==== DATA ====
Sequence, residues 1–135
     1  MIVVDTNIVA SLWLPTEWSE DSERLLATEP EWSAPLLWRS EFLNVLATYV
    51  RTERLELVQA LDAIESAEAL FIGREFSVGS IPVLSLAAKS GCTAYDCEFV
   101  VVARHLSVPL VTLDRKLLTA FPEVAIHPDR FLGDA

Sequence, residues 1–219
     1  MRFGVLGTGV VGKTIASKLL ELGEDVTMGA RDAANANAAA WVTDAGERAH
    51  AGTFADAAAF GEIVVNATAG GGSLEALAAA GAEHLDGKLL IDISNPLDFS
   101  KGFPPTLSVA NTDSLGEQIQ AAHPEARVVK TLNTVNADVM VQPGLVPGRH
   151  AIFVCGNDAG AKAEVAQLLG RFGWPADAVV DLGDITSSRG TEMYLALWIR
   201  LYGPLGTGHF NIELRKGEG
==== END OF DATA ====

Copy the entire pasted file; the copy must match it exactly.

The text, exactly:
Sequence, residues 1–135
     1  MIVVDTNIVA SLWLPTEWSE DSERLLATEP EWSAPLLWRS EFLNVLATYV
    51  RTERLELVQA LDAIESAEAL FIGREFSVGS IPVLSLAAKS GCTAYDCEFV
   101  VVARHLSVPL VTLDRKLLTA FPEVAIHPDR FLGDA

Sequence, residues 1–219
     1  MRFGVLGTGV VGKTIASKLL ELGEDVTMGA RDAANANAAA WVTDAGERAH
    51  AGTFADAAAF GEIVVNATAG GGSLEALAAA GAEHLDGKLL IDISNPLDFS
   101  KGFPPTLSVA NTDSLGEQIQ AAHPEARVVK TLNTVNADVM VQPGLVPGRH
   151  AIFVCGNDAG AKAEVAQLLG RFGWPADAVV DLGDITSSRG TEMYLALWIR
   201  LYGPLGTGHF NIELRKGEG